Jackson Pollock

(1912-1956)

"Sketch No. 75" is one of over eighty drawings executed during a period of eighteen months in 1939-40, while Jackson Pollock was under the Psychotherapeutic care of Dr. Joseph L. Henderson in New York City. Pollock had been recently discharged from a New York hospital to which he had committed himself for treatment of acute alcoholism. Dr. Henderson had been recommended through a close friend because of his training with Carl. G. Jung of Zurich.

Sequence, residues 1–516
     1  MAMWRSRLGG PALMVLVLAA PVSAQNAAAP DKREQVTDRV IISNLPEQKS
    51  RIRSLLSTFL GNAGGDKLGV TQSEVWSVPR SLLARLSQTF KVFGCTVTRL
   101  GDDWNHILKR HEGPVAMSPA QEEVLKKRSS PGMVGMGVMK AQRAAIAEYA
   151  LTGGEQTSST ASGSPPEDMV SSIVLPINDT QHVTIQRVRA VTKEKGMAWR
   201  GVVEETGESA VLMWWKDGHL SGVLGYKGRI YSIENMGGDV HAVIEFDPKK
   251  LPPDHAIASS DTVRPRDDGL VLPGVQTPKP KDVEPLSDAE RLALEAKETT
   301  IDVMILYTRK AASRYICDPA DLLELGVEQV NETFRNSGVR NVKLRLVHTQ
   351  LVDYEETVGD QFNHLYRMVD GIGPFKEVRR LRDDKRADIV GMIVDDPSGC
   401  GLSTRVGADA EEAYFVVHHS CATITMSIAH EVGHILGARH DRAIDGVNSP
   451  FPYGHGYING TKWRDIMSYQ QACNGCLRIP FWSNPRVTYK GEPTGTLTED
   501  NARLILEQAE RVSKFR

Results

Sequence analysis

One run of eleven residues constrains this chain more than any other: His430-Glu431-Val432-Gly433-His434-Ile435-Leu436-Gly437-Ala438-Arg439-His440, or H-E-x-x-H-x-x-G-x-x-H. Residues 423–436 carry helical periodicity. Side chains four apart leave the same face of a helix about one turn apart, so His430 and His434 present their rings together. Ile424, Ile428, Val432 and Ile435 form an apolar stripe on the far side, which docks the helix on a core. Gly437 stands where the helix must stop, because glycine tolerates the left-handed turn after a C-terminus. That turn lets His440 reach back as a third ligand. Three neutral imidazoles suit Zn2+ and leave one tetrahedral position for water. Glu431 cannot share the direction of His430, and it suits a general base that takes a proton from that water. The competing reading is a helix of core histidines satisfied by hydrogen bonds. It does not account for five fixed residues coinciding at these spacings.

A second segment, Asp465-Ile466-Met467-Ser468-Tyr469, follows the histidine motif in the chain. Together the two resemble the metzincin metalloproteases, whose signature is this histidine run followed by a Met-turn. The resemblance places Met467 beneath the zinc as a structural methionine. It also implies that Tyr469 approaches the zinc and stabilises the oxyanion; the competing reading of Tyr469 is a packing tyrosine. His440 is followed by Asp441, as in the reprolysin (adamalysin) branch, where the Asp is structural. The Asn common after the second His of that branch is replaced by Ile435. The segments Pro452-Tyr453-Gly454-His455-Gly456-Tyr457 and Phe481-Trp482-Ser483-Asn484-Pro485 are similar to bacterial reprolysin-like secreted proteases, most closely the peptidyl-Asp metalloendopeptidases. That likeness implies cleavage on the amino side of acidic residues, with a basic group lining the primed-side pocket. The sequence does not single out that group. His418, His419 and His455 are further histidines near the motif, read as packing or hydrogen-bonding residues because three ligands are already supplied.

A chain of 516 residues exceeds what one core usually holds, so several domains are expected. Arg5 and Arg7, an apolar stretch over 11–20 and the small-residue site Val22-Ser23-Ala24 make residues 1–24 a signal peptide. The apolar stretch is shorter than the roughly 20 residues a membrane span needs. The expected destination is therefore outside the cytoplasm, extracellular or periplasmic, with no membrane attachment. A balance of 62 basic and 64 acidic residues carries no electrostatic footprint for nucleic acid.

Pollock was withdrawn and inarticulate in his early sessions with Dr. Henderson. In an effort to open communication, the artist brought his drawings as an aid to discussion. These were the drawings Pollock began following his hospitalization, they were part of his work-in-progress, and were discussed in the language of art criticism. The psychological development shown in a few of the drawings was only made clear years later when Dr. Henderson studied them in connection with his research into the symbolism of the unconscious. With the drawings Pollock became better able to discuss his emotional problems. Henderson recalls "“…...I was compelled to follow the movement of his symbolism as inevitably as he was motivated to produce it.”" The period of the psychotherapy corresponds not only with gathering of forces on Pollock’s part, which somehow enabled him to sustain a high degree of productivity for the succeeding years, but also a period of dramatic change in his art, during which he cast off previous models, taking on a new awareness of visual symbology.